Stanza 9 Life is fine! Until the time of his death, he spread his message humorously—though always seriously—to audiences throughout the country, having read his poetry to more people possibly than any other American poet. While some critics accused Hughes of bolstering negative racial stereotypes through his choice of subject matter, others faulted him for employing vernacular speech and black dialect in the portrayal of the Harlem streets.
The Panther and the Lash: By using these personal terms, Hughes has managed to employ symbolism in a way that also connects him to others.
Stanza 2 The first two lines of this stanza give the impression that the narrator is in fact drowning. He championed a style of poetry known as Jazz poetry. He then again makes an effort to kill himself by jumping from a sixteenth floor of a building in the third stanza.
Again we see a one line stanza repeating a pattern set with the first three stanzas and once again the content of this line follows the pattern repeating what had been said in the third line of the previous stanza, albeit in a paraphrased manner.
The reason for doing this is unclear. Stanza 6 But it was High up there! Through the use of simple vocabulary and rather unusual syntax, Hughes delivers a powerful message in a manner that even a casual reader can understand.
Through the situation that is brought out in the poem, Hughes depicts death as the only escape from the reality. Life is Fine is a playful ditty about a man who is clearly suffering and contemplating suicide but is able to see the beauty in life and seemingly does a turn on his stance on life.
Determined to reflect the everyday lives of the working-class culture, he dealt with such controversial topics as prostitution, racism, lynchings, and teenage pregnancy.
That they will show their partner and the world that they are upset but that they have not been destroyed.
How to cite this page Choose cite format: People find death as a quick and coward means to run away from the pains that life creates. Often people will go to an area of natural beauty in order to attempt to do this.
I think it being a reference to an ex is the most likely answer.
His parents divorced when he was a young child, and his father moved to Mexico. The poem was written to highlight the fact that Black Americans have been treated as something to be ashamed of and Hughes denounces this fact, creating irony by stating the obvious.
During his infancy, his parents separated, and he moved to Lawrence, Kansas, where he was raised primarily by his grandmother. Hughes integrated the rhythm and mood of blues and bebop music into his work and used colloquial language to reflect black American culture.
Throughout the s Hughes became increasingly involved with the political Left in the United States. It is like they are saying they are down but not out. Stanza 3 But it was Cold in that water! They are effectively saying that they have not been broken. The rhyme scheme in this poem is simple.
His second collection, Fine Clothes to the Jew, recognized the everyday struggles of urban black Americans in Harlem who, in pursuit of the American Dream, left behind the overt oppression of the Deep South only to find their dreams denied or set aside indefinitely.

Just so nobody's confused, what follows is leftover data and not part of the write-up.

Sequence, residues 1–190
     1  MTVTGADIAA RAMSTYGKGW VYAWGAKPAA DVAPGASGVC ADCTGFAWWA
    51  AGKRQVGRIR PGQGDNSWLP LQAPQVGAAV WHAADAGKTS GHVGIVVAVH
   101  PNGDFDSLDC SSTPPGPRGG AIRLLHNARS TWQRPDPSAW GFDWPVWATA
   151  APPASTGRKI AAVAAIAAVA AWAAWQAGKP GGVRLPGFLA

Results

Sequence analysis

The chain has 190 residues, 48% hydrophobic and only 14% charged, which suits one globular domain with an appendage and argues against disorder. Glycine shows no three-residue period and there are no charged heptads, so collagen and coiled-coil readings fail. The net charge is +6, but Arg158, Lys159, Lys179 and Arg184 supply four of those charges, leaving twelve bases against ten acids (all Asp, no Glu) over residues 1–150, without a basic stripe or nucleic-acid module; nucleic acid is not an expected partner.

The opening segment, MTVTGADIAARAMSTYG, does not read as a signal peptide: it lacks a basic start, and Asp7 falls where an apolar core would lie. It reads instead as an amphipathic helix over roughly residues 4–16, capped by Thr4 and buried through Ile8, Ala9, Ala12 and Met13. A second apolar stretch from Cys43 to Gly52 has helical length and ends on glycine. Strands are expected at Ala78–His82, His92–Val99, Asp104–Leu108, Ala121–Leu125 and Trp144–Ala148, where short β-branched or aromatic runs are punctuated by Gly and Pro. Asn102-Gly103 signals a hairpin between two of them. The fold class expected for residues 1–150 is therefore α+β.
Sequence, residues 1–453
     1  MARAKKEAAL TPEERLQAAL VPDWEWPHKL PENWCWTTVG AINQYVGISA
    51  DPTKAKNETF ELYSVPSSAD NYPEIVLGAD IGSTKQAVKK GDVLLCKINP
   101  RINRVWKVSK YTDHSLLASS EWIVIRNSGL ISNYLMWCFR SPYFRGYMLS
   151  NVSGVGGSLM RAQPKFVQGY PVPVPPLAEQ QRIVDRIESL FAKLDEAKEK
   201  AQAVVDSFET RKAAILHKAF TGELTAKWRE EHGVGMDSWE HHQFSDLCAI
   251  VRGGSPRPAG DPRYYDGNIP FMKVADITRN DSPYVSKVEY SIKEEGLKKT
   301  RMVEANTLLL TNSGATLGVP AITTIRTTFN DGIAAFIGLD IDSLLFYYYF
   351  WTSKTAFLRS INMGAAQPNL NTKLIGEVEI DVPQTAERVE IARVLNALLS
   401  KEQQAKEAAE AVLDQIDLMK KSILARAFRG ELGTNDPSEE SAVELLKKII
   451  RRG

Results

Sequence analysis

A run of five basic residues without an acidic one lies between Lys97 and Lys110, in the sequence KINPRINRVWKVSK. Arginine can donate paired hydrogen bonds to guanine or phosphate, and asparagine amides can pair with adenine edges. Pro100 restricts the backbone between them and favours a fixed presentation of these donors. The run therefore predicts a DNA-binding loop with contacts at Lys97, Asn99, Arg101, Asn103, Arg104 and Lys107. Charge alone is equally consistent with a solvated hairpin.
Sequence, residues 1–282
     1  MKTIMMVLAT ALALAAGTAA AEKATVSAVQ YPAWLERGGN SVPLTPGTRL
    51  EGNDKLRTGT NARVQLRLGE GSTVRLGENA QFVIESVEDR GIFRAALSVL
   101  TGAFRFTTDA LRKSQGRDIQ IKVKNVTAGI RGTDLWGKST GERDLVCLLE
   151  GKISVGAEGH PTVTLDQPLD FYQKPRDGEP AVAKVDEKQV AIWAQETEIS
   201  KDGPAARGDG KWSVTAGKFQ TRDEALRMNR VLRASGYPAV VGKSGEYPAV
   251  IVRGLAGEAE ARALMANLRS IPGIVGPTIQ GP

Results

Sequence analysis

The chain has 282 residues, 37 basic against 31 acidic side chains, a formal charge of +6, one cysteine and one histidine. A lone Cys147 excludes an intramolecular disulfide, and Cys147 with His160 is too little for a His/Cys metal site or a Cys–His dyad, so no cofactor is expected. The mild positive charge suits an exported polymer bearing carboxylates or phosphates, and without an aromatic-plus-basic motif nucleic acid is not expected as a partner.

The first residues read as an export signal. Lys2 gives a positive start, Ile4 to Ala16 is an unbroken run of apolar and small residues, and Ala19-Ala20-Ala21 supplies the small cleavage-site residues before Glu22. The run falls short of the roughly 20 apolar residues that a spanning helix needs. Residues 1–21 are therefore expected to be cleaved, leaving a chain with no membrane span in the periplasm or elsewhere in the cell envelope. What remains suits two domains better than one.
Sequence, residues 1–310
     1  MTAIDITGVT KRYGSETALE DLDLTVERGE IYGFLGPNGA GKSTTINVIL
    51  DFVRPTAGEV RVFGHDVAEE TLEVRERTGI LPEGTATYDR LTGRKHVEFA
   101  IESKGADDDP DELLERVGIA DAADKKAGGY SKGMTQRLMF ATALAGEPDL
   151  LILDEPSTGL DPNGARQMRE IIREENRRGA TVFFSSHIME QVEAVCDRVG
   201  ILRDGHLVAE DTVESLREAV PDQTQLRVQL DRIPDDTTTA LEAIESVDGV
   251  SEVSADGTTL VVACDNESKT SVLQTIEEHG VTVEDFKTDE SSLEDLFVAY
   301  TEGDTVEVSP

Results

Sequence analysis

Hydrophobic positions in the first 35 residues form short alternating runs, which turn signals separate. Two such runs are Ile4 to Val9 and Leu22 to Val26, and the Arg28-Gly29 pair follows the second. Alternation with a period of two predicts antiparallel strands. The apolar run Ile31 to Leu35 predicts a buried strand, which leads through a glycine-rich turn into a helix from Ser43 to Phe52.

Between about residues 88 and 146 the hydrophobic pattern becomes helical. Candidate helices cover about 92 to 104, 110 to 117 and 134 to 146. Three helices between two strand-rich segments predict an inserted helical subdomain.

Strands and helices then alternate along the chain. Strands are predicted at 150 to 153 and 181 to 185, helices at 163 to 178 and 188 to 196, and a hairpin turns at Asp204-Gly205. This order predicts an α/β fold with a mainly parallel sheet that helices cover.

The age demands intellectual commitment from its spokesmen.
A seminal figure of the Harlem Renaissance, a period during the s of unprecedented artistic and intellectual achievement among black Americans, Hughes devoted his career to portraying the urban experience of working-class blacks.
Stanza 4 This stanza starts with the narrator taking the elevator up to a high floor with the insinuation being that they are going to jump off the sixteenth floor.
Adding the comment about wine may just hint that the narrator is self-medicating themselves. I came up twice and cried! In this way, too, does Hughes bring the tense of the poem from present to future.
Hughes is adept at using diction to define the tone and deepen the understanding of underlying themes in his poetry. He sought to capture in his poetry the voices, experiences, emotions, and spirit of African Americans of his time.
However, the poem reveals an opposite side of this matter: Major Works Despite his prolific output in other genres, Hughes was known primarily as a poet.Langston Hughes: Poems study guide contains a biography of Langston Hughes, literature essays, quiz questions, major themes, characters, and a full summary and analysis of select poems.
Life is Fine - I went down to the river, I went down to the river, A Collection of Critical Essays (Prentice Hall, ) that Hughes "differed from most of his predecessors among black poets in that he addressed his poetry to the people, specifically to black people.
During the twenties when most American poets were turning inward. Essays and criticism on Langston Hughes - Hughes, Langston - (Poetry Criticism) Langston Hughes Hughes, Langston (Poetry Criticism) - Essay A critical analysis of Hughes's literary.
Langston Hughes' poem Life is Fine is a perfect example that demonstrates the notion of hardships that one may encounter in life.
Within the poem, we have a speaker that is experiencing the loss of a lover. Issues of racial prejudice were prevalent during the Harlem Renaissance and segregation a fact of life. In the poem, “I,Too,” Hughes brings attention to this subjugation by portraying the life of a black male servant.
We will write a custom essay sample on Critical Analysis of Langston Hughes’ “I, Too Critical essay: langston. Harlem By Langston Hughes Throughout life, people are always deciding what to do with themselves. Analysis of Harlem by Langston Hughes Through the turbulent decades of the 's through the 's many of the black Americans went through difficult hardships and found comfort only in dreaming.
An Analysis of a Langston Hughes .Download